top of page
  • Writer's pictureCarly Gossard

Is what I'm eating and drinking contributing to my bladder symptoms?


Did you know that certain foods and drinks could be making your bladder symptoms, such as urinary incontinence, urgency, and frequency, worse? Sometimes limiting and being mindful of bladder irritants in your diet can be a simple way to decrease bladder leakage and associated symptoms.


Bladder irritants are usually things that we eat or drink, but can also include certain medications and vitamins. Below are some of the most common bladder irritants.


1) Alcohol

This may be a major bummer for some but alcohol is a bladder irritant because it is a diuretic. Diuretics cause increased urine production in the body, which can cause urinary urgency and frequency. Alcohol also irritates the lining of the bladder, which can cause increased leaking. The popular seltzers which contain alcohol, fruit juice, carbonation, and sugar can be particularly irritating due to all four components being bladder irritants. Unfortunately avoiding “breaking the seal” isn’t going to help you out here.


2) Caffeine

Caffeine of any kind can often be the culprit to bladder leakage due to its diuretic properties. Caffeine is found in tea, coffee, energy drinks, soda, and even chocolate.


3) Coffee

Coffee is definitely a bladder irritant because of its acidic nature. It is also a diuretic which will make you feel the need to urinate more frequently than normal. Decaf coffee is also considered a bladder irritant since it is still acidic.


4) Sugar

Sugar, especially artificial sweeteners can cause bladder symptoms. Cutting back on your go to sugary treats may just be the switch that works.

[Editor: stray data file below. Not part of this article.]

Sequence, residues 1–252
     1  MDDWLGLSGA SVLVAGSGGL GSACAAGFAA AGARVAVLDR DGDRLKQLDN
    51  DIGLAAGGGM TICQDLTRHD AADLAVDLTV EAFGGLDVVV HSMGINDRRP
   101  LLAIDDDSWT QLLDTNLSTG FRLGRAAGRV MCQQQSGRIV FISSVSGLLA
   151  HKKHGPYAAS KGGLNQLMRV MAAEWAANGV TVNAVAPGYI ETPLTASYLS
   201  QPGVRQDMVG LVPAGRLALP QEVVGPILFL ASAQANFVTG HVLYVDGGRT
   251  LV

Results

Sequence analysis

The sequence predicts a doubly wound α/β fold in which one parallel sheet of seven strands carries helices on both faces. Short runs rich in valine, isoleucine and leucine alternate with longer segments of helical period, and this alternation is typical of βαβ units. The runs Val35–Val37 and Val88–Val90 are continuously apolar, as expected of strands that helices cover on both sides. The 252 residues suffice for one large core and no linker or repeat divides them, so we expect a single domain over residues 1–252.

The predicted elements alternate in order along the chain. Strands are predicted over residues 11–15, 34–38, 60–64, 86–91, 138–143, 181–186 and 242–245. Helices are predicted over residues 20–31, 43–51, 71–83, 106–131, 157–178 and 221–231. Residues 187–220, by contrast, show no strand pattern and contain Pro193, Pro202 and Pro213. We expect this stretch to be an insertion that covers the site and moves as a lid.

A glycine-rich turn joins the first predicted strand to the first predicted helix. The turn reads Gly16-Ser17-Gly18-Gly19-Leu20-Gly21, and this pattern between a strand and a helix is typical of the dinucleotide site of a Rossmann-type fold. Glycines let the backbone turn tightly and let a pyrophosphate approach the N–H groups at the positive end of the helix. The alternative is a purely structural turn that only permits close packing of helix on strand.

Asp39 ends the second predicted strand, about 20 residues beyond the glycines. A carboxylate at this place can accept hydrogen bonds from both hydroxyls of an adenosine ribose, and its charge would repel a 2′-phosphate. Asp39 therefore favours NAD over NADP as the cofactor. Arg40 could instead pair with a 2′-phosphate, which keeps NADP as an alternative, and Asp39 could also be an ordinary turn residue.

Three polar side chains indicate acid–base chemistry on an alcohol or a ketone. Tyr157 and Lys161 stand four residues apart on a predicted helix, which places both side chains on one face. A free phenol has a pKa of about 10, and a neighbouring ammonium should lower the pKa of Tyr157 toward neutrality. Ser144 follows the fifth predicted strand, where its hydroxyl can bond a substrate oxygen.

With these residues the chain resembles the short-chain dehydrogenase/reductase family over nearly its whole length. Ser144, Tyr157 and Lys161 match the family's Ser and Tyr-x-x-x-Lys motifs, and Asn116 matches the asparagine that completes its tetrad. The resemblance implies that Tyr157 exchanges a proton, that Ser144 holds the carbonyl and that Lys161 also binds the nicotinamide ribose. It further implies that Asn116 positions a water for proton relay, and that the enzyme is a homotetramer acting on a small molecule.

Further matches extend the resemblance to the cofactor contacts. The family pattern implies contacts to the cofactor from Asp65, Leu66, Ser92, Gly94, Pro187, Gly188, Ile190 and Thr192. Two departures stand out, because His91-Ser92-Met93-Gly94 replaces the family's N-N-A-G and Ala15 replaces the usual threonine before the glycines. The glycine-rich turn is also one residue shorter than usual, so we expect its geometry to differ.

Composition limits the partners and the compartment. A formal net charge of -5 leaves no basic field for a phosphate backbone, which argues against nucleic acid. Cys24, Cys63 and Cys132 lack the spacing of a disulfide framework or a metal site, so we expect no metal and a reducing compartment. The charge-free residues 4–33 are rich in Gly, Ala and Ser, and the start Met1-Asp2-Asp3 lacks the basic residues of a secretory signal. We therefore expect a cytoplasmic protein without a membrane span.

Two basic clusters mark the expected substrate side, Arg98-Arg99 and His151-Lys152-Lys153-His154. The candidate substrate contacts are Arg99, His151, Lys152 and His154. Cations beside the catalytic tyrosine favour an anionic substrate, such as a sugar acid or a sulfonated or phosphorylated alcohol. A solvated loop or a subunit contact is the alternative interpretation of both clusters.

5) Citrus fruits and juices

This includes oranges, lemons, limes, pineapple, and grapefruit. Other fruits that can potentially irritate the bladder include strawberries, apples, cantaloupe, and peaches.


6) Carbonated beverages

The fizz in carbonated beverages comes from dissolved carbon dioxide, which can distend the bladder and cause discomfort. Additionally, some carbonated drinks may contain caffeine or artificial sweeteners, further aggravating bladder irritation. Opting for plain water or herbal teas is a healthier choice for your bladder.


7) Dairy products

Dairy is a common bladder irritant due to its calcium content, which can lead to increased urine production and bladder irritation. Additionally, some people may be lactose intolerant, and consuming dairy can cause gastrointestinal issues that indirectly affect the bladder.


8) Tomatoes

Tomatoes and tomato-based products, such as sauces, can be acidic and may irritate the bladder lining.


9) Spicy foods

Spicy foods might tantalize your taste buds, but they can cause irritation to the bladder lining, exacerbating existing urinary symptoms. Substances like capsaicin, found in chili peppers, can trigger the release of certain chemicals that irritate the bladder. While you don't have to give up spicy foods entirely, reducing their consumption might help alleviate bladder discomfort.

Tips to Minimize Bladder Irritation


1) Stay hydrated: Drinking plenty of water helps dilute the urine, reducing the concentration of bladder irritants.


2) Monitor your diet: Keep track of foods and beverages that trigger bladder discomfort and try to limit their consumption.


3) Opt for alternatives: If you can't give up your morning cup of coffee, consider switching to a low-acid, decaffeinated version or herbal tea.


4) Be mindful of medications: Some medications can have a diuretic effect or contain substances that may irritate the bladder. Discuss potential side effects with your healthcare provider.


Remember, every person is unique, and what affects one person's bladder may not impact another's. If you have persistent or severe urinary symptoms, it's essential to consult with a healthcare professional for proper evaluation and guidance. Maintaining a balanced and bladder-friendly diet, staying hydrated, and adopting healthy lifestyle habits can go a long way in supporting a happy and healthy bladder.


Comments


bottom of page